Division of Neurotoxicology, National Center for Toxicological Research, U.S. Food and Drug Administration, 3900 NCTR Road, Jefferson, AR 72079-9501, USA
Received Date: June 01, 2015; Accepted Date: June 03, 2015; Published Date: June 12, 2015
Citation: Hiranita T (2015) Trace Amine-Associated Receptor Type 1 as A Target for The Development of Treatments for Stimulant Abuse. J Alcohol Drug Depend 3:e122. doi:10.4172/2329-6488.1000e122
Copyright: © 2015 Hiranita T, et al. This is an open-access article distributed under the terms of the Creative Commons Attribution License, which permits unrestricted use, distribution, and reproduction in any medium, provided the original author and source are credited.
Visit for more related articles at Journal of Alcoholism & Drug Dependence
New research has implicated a potential target in the treatment of stimulant abuse. As with opioid abuse, stimulant abuse consists of a primary group for substance abuse disorders. However, there is no medication for the treatment of stimulant abuse such as amphetamines, substrates for the dopamine transporter, and cocaine, a dopamine reuptake inhibitor. Stimulants have in common a capacity to increase extracellular DA levels in terminal regions of mesolimbic dopaminergic neurons [1,2]. Preclinical studies suggest that dopamine receptor antagonists possess the potential as medications for stimulant abuse while clinical studies failed to support the positive findings in laboratory animals . The negative findings with dopamine receptor antagonists might result from their capacity to produce “surmountable” antagonism of stimulant self-administration since the reinforcing effects of stimulants can be restored in the presence of the dopamine receptor antagonist if doses of stimulants are increased [4,5].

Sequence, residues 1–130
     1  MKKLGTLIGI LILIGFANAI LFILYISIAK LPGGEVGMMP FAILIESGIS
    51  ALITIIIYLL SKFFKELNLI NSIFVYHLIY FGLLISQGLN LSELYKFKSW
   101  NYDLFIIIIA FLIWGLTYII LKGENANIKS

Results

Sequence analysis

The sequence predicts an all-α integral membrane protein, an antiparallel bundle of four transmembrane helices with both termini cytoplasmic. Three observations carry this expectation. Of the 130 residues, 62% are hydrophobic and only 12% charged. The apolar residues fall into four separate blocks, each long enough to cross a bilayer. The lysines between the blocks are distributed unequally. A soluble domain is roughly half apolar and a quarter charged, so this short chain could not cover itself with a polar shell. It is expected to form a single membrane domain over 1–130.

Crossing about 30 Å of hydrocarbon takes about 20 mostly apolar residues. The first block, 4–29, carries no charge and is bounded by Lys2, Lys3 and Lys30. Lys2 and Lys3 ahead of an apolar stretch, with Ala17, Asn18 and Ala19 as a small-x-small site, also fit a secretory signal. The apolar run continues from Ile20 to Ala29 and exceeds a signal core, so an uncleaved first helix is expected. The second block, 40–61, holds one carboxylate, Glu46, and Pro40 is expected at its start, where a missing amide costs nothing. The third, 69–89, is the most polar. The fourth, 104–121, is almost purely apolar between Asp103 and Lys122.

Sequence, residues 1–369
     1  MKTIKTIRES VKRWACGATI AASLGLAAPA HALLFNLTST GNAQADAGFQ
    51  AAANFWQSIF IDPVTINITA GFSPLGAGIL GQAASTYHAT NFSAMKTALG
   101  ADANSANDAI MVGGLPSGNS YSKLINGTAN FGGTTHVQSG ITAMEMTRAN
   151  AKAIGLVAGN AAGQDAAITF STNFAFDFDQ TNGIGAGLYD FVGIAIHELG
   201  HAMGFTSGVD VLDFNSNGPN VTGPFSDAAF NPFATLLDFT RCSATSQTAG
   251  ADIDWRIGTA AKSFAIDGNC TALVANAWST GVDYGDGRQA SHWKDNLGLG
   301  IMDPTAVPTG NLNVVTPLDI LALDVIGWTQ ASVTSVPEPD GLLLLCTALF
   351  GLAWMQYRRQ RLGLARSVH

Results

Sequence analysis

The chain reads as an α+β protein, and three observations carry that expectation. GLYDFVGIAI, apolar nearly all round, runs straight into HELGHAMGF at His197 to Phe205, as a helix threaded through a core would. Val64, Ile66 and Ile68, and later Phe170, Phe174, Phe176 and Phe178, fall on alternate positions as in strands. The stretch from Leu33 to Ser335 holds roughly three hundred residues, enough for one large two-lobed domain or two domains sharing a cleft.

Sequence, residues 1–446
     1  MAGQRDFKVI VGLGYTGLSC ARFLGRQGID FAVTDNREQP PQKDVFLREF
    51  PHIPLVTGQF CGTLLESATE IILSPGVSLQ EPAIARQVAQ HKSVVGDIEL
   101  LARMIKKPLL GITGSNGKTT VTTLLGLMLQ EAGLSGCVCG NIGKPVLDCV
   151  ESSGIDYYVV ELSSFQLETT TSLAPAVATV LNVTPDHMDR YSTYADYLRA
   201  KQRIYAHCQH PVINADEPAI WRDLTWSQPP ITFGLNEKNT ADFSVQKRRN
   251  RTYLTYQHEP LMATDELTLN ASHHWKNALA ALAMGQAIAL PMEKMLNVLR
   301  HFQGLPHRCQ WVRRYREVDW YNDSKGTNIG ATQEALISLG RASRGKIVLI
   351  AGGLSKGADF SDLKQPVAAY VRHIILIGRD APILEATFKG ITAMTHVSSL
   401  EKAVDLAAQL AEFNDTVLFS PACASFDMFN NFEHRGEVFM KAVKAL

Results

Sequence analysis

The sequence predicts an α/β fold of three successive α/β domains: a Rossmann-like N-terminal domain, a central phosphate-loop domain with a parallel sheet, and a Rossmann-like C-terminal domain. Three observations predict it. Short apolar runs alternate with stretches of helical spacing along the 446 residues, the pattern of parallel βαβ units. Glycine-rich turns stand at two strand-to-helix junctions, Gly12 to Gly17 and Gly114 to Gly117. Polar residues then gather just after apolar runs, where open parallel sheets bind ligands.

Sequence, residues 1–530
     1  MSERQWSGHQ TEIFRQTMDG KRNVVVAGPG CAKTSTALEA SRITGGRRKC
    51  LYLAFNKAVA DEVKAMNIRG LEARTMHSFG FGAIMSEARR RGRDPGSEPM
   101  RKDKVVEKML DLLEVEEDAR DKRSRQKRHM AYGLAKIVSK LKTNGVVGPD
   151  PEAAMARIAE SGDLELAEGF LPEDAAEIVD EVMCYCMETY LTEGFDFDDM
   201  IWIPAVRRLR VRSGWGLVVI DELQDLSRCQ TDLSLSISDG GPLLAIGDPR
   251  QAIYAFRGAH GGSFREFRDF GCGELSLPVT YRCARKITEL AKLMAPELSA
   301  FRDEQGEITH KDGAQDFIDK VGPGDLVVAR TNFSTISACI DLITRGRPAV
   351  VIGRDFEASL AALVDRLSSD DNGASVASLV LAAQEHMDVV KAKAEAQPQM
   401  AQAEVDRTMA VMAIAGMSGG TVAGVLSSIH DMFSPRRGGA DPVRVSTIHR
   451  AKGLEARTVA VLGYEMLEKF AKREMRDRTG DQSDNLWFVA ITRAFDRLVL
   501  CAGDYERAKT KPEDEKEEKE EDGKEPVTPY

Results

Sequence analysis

As with methadone for heroin abuse , recent preclinical studies suggest clinically preferential profiles (i.e. “insurmountable” antagonism) of several novel targets as treatments for stimulant abuse [7,8]. Among them is the trace amine-associated receptors type 1(TAAR1) that possess anti-stimulant actions. For example, Dr. Jun-Xu Li and his co-workers discovered appreciable effectiveness of a TAAR1 agonist in decreasing the abuse-related effects of stimulants in rats. First, the TAAR1 partial agonist RO5263397 [S-4-(3-fluoro-2-methylphenyl)- 4,5-dihydro-oxazol-2-ylamine] decreased the behavioral sensitizing effects of cocaine and also attenuated the established place-conditioning effects of cocaine [9,10]. In addition, pretreatment with the TAAR1 partial agonist RO5263397 resulted in decreases in self-administration responding maintained by cocaine injections in a behavioral economics study . Further, RO5263397 shifted down a dose-effect curve of methamphetamine self-administration under a fixed-ratio schedule of reinforcement . In addition, another study from Dr. Canales and his colleagues also demonstrated preclinical efficacy of another TAAR1 partial agonist RO5203648 [S-4-(3,4- dichloro-phenyl)-4,5-dihydro-oxazol-2-ylamine] (Figure 1) as cocaine antagonist . Thus, RO5263397 would be effective regardless of doses of stimulant. Unfortunately there was no assessment of dosedependency and behavioral specificity for the anti-stimulant effects of the TAAR1 agonist; however, the capacity to produce insurmountable antagonism of stimulant self-administration appears to be preferential for medications for stimulant abuse.
In summary, the capacity to produce insurmountable antagonism of stimulant self-administration appears to be a key feature for the development of treatments for stimulant abuse. There are very few such pharmacological targets. However, in efforts to discover novel targets for stimulant abuse, TAAR1 is worthwhile to pursue as a viable target as TAAR1 agonists decrease some of the abuse-related effects of stimulants. Therefore, drugs acting on TAAR1 have potential as pharmacological medications to treat stimulant abuse.
Declaration of interests
The present work was supported by the Division of Neurotoxicology/ NCTR/ U.S. FDA. The information in the present article is not a formal dissemination of information by the FDA and does not represent agency position or policy.